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What is Phonics?
WRITTEN BY: Patrick Bickford 
 
 
 
 
Phonics is a set of mnemonic rules to help children learn how to read and pronounce words they have never seen before. It connects sounds to letters or groups of letters.  It's hard to establish who invented Phonics, but the person famous for embracing it is Noah Webster, the dictionary guy.  In 1828, he published his comprehensive dictionary, An American Dictionary of the English Language.  It was this dictionary that was responsible for challenging many "unnecessarily complex" English spellings and introduced 'Americanized' spellings.  The three biggest differences between British and American spellings are:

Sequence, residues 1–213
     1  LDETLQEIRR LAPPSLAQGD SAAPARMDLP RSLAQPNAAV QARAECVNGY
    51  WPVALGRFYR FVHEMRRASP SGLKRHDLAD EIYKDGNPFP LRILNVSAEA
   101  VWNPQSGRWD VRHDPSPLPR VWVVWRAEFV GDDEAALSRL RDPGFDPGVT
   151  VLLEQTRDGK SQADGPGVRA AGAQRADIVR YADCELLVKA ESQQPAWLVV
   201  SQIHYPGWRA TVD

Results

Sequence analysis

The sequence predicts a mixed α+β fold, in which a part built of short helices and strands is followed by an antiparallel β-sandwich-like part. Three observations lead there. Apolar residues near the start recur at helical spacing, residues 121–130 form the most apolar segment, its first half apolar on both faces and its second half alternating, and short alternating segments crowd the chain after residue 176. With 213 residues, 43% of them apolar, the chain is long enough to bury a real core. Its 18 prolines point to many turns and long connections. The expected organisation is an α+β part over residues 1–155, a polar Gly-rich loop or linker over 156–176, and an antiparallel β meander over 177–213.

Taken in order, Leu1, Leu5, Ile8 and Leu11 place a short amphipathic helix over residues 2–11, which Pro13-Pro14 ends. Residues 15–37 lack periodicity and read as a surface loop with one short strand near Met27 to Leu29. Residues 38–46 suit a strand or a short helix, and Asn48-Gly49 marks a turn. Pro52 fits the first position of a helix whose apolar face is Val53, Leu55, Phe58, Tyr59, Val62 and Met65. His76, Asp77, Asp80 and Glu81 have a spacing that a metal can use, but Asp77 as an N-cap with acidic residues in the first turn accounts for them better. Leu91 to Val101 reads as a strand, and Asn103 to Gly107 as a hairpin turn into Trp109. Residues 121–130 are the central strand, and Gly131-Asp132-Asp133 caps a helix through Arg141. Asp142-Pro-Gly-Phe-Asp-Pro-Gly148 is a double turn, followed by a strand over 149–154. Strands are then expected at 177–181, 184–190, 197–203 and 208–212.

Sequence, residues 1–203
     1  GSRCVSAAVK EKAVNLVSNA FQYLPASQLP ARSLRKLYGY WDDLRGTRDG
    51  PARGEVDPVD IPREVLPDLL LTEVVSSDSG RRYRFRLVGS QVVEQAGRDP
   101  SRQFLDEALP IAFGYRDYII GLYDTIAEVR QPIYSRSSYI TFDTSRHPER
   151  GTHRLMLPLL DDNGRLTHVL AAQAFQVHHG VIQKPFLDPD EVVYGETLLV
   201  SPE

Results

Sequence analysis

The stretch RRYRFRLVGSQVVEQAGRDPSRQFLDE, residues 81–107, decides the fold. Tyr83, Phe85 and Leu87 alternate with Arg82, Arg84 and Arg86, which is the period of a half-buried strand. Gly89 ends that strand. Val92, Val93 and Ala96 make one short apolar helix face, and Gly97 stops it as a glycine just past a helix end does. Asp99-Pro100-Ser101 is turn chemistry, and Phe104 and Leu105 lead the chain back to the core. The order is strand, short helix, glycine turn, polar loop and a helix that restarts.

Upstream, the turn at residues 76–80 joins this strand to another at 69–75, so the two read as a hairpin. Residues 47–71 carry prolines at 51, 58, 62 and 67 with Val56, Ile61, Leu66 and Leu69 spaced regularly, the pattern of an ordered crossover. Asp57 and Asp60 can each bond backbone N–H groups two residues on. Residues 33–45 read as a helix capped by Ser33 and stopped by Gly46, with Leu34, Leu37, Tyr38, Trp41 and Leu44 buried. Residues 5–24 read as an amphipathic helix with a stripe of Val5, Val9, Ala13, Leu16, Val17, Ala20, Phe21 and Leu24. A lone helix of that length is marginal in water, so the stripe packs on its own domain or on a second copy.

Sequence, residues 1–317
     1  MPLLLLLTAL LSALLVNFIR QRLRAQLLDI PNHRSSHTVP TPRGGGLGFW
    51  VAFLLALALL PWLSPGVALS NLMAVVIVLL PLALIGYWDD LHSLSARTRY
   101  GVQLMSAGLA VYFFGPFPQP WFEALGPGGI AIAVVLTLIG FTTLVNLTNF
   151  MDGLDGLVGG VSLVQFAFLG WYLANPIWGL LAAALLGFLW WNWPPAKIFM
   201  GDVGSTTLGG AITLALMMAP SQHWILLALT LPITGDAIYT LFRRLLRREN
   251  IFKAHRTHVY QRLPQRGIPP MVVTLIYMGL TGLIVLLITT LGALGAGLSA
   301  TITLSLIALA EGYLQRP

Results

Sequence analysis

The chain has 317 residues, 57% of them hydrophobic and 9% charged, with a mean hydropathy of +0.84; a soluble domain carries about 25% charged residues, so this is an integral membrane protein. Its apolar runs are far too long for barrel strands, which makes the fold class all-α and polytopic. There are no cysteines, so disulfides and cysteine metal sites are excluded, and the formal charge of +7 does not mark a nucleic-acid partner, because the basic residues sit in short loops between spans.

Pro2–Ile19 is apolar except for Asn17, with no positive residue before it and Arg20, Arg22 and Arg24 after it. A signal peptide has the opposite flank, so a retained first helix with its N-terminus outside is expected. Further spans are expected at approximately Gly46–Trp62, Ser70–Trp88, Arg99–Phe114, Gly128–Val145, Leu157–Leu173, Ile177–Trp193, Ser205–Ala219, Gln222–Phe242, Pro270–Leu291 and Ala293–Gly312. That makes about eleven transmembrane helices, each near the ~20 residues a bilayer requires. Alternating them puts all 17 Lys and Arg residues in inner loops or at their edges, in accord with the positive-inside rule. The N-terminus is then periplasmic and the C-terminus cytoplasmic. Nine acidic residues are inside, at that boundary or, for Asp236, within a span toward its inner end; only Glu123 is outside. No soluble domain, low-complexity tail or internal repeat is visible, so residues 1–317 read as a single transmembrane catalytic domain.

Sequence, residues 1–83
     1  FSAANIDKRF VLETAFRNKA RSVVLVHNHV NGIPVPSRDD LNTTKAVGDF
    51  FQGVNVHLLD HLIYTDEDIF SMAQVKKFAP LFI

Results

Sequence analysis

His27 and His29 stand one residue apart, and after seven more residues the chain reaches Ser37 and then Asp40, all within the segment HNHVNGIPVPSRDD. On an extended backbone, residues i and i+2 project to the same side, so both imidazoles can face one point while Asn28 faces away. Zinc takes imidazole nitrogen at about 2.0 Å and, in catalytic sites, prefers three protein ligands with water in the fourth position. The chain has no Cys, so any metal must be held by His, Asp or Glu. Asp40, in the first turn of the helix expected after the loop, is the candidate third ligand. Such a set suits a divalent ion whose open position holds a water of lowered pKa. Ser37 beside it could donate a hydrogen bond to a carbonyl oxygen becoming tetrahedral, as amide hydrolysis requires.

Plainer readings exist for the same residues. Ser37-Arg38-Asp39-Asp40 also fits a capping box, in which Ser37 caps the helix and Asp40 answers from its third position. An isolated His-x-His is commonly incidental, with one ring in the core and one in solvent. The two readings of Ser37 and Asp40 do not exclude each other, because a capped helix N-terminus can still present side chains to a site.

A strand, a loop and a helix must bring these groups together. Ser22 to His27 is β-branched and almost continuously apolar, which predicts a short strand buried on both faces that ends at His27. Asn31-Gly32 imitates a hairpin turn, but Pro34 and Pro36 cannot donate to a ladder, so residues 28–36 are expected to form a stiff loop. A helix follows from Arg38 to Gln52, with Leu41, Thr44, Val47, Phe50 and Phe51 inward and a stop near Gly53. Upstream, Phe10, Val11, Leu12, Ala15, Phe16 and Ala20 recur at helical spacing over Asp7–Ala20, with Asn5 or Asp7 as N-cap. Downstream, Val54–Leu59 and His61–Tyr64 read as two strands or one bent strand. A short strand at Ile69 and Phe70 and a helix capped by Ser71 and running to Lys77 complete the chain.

1. Replacing C with S -- defense vs. defence
  2. Reversing RE and ER -- center vs. centre
  3. Dropping the U -- color vs. colour
After this dictionary was published, little development in the Phonics field was done and it laid dormant for 100+ years, until Rudolf Flesch published a novel in 1955, Why Johnny Can't Read.  This book spurred the ongoing debate, Phonics vs. Whole Language.
 
The coolest thing about Phonics is that it's not country-specific.  Englishes may have different spellings and accents but all Englishes are bonded by the same spelling rules and the connection between when letters or groups of letters make certain sounds.

 


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This page was last modified on Monday, March 17, 2014 04:18:20 PM